Mario Draghi nudged the European Central Bank closer to pumping more stimulus into the economy, highlighting that growing risks are increasing the case for action.

The ECB president set the tone for the institution’s annual forum in Sintra, Portugal, by saying that if the outlook doesn’t improve, and inflation doesn’t strengthen, “additional stimulus will be required.” He noted that the ECB can amend its forward guidance, that rate cuts remain “part of our tools” and asset purchases are also an option.

It’s the latest dovish comment from the Governing Council, as it grapples with an economic slowdown and an inflation rate that remains below its goal. Draghi said risks from geopolitical factors, protectionism and vulnerabilities in emerging markets have not dissipated and are weighing in particular on manufacturing.

Major central banks around the world have taken a dovish turn as trade tensions damp the global economy. The U.S. Federal Reserve, Bank of England and Bank of Japan all hold policy meetings this week, which should give further insight into their concerns.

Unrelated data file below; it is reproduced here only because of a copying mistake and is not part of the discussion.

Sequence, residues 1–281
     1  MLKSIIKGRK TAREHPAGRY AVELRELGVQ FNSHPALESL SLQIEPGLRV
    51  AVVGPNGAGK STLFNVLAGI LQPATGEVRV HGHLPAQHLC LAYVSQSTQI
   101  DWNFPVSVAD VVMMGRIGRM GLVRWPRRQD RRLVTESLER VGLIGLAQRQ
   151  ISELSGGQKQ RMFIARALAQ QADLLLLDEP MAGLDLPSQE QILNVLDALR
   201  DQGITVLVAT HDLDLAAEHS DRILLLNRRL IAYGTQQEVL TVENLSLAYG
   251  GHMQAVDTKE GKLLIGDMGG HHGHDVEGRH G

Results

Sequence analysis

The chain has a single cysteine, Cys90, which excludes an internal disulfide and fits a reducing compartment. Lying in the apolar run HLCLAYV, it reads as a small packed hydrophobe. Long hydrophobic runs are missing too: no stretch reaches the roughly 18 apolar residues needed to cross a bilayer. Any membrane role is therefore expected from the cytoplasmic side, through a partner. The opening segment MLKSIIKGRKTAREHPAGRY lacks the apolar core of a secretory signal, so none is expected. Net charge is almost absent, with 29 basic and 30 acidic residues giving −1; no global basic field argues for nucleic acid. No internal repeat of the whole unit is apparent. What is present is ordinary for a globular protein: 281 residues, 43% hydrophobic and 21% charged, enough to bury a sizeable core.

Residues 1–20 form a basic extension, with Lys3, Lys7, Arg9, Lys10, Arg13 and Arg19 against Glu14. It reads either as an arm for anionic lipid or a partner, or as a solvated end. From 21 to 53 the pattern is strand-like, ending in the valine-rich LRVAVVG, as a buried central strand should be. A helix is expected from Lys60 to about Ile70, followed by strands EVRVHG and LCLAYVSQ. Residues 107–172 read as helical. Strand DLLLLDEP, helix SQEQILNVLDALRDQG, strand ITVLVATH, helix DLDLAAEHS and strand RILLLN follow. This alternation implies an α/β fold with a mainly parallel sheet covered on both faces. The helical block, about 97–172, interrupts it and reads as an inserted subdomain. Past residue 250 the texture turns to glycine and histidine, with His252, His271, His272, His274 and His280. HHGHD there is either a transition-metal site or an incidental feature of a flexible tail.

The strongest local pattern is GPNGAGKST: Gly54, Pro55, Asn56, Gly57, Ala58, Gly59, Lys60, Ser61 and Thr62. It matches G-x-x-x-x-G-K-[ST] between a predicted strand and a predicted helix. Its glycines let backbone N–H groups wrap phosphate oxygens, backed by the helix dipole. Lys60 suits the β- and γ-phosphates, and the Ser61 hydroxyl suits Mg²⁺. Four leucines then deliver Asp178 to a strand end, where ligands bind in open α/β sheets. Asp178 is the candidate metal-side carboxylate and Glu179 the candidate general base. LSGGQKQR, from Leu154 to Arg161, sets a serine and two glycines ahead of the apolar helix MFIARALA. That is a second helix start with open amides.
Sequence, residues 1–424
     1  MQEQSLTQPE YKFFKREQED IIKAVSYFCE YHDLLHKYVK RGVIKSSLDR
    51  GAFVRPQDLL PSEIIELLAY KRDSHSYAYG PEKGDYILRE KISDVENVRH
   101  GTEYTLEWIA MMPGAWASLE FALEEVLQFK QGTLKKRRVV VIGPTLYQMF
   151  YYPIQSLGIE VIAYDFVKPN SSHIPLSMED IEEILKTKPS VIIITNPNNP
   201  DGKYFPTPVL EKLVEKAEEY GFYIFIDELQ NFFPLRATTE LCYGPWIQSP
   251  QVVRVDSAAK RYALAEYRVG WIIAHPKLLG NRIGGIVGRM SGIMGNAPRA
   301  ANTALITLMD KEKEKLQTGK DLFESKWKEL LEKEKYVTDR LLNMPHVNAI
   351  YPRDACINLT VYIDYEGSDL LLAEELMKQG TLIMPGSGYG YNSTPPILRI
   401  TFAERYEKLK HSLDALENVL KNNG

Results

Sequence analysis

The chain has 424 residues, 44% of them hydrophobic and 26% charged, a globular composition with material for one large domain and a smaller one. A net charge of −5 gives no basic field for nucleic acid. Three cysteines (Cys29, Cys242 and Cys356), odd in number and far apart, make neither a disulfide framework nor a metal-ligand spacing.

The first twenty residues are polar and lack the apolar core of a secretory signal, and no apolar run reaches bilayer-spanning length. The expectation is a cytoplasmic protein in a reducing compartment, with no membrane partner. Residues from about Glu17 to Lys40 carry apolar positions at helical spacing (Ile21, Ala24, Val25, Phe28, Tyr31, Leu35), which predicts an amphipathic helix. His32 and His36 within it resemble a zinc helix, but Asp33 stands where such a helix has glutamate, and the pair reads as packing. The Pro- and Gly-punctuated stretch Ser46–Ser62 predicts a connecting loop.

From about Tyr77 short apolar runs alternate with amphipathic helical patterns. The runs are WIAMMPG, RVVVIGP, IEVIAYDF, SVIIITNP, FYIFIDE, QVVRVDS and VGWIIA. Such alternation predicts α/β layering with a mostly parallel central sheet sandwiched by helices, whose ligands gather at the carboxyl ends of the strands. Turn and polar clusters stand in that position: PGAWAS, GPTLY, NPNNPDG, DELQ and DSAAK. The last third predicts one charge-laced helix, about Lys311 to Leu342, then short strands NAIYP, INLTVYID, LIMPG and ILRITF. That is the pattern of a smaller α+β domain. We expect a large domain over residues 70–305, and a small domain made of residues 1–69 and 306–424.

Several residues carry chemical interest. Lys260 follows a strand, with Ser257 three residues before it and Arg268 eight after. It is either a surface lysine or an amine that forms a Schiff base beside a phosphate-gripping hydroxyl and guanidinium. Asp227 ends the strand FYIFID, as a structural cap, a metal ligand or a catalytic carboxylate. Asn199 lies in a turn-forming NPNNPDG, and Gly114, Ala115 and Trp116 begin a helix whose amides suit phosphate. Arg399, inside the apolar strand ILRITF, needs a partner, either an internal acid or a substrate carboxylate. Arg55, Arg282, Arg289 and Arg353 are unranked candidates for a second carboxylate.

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In a sign that discussions on policy action are becoming more formal within the ECB, Draghi said the Governing Council will in the coming weeks review how their tools can be used to tackle risks to price stability.

The euro fell on the comments and was down 0.2 per cent to $1.1196 as of 10:14 a.m. Frankfurt time. German 10-year bonds jumped, pushing the yield to a record-low -0.28 per cent. Money markets are pricing in a 10 basis-point ECB rate cut by December.

“If the crisis has shown anything, it is that we will use all the flexibility within our mandate to fulfill our mandate -- and we will do so again to answer any challenges to price stability in the future,” he said.